The human body has more than just the five commonly known senses. There are three categories of senses. The first is the “special” senses, which include sight, hearing, taste and smell. The second category consists of the somatic senses, normally referred to as “touch.” This involves our perception of pressure, heat and pain. The third category is less well-known. These are the interoceptive senses, which deal with information originating in the body itself.
Essentially there are three interoceptive senses. The first, balance, is a sense of the body’s alignment. This is what helps keep us upright and stable. The renowned ability of a cat to always land on its feet is also due to this sense. The second interoceptive sense is the organic sense, which alerts the body to its internal condition, telling us when we’re hungry or thirsty for instance. The third interoceptive sense is known as proprioception. This, put simply, is the brain’s knowledge of the relative position of different parts of the body in space.
To experience proprioception, close your eyes and extend your hand in any direction. Now identify in your mind its exact position and open your eyes. Note that your brain was well aware of your hand’s position, even though none of the classic five senses were being used to detect it. This is proprioception. Without it we would have no concept of where our bodies are, or how they feel when we move them, thus leaving us vulnerable to accidents and potential injury.
The proprioceptive sense is perceived using our nervous system. Connective tissue, i.e. our ligaments, tendons and fascia, is far more innervated than muscle, having ten times as many sensory receptors. For this reason proprioception is associated mainly with our connective tissue rather than with our muscles. This means that when you think you’re feeling your muscles moving, you’re more likely to be tuning in with the movement of your connective tissue.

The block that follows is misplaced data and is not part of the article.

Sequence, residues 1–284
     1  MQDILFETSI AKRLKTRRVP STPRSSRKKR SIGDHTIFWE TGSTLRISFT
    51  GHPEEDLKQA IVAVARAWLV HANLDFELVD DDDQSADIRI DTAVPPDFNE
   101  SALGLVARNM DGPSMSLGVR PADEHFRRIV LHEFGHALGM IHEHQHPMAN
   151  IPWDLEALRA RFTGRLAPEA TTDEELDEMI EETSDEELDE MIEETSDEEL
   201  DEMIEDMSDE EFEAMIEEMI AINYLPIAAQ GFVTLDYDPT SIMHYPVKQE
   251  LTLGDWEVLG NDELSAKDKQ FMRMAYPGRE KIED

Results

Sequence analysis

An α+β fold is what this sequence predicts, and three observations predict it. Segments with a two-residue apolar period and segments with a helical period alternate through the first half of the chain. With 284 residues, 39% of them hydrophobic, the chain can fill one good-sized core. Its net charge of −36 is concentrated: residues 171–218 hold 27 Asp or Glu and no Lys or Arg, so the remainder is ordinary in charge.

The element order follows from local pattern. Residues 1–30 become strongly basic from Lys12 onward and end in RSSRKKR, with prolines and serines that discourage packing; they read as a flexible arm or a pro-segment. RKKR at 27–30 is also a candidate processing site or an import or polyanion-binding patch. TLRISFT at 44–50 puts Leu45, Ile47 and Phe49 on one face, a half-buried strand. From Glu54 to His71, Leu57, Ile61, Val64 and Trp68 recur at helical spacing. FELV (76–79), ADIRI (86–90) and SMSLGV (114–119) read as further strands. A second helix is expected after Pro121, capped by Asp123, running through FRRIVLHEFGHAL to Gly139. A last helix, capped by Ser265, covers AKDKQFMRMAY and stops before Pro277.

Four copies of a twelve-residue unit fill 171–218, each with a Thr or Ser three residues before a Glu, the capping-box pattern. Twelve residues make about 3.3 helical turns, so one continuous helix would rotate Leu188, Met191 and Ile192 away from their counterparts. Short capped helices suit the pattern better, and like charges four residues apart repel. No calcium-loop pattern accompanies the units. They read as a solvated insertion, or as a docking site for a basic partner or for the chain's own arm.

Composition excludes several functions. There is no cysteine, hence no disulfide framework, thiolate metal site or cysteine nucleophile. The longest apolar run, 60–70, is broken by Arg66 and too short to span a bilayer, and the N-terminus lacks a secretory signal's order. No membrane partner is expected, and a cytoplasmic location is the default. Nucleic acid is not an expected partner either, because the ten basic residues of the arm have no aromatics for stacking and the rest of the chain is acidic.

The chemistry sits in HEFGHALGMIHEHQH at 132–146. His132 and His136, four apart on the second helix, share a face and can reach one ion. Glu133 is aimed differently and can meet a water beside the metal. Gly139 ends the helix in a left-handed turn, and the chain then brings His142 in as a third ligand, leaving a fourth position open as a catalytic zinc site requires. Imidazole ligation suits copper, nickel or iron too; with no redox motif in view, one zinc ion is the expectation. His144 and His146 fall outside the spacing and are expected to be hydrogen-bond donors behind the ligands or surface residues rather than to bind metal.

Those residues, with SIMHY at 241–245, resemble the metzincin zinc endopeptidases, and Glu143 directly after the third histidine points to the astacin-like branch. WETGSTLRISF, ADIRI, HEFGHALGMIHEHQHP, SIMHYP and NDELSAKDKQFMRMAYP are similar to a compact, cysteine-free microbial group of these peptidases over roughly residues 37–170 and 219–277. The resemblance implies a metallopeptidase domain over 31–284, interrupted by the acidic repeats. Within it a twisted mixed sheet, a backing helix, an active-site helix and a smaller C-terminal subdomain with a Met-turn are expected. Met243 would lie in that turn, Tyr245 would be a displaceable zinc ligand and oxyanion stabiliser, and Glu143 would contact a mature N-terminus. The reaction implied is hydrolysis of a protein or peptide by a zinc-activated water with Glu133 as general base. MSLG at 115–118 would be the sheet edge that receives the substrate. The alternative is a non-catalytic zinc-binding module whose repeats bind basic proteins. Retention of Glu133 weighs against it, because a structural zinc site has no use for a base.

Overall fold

Proprioception has another interesting property. It is believed that pain and proprioception cannot exist at the same time. This means that a person in pain is less aware of their body and as such, more susceptible to moving awkwardly or falling over.
For all the above reasons , it’s important to ensure our connective tissue is healthy, works well and that we hone our proprioceptive sense. Pilates, with its emphasis on executing controlled, flowing movements in alignment, can help us realise both these objectives. For example, lying semi-supine in neutral pelvis gives us feedback, or a proprioceptive sense of how our back is positioned. When we perform a spine curl, we can feel the pressure being placed at different points along the spine and across the upper back. When a leg is lifted to table top, or an arm moved in an arc over the head, we experience a change in the way the body’s weight is distributed.
When a beginner to Pilates is asked how their back felt when they performed a certain exercise, e.g. a roll down from standing, they often find it difficult to know how to reply. This is because their proprioceptive sense has not yet been honed. Indeed, many beginners associate pain with movement, insisting they can’t feel anything unless it hurts.
Over-time, a well-designed, well-taught Pilates class will help clients develop their proprioceptive sense, leading to a greater awareness of the body, how the different parts of it feel and move, thus avoiding accidents and potential injury.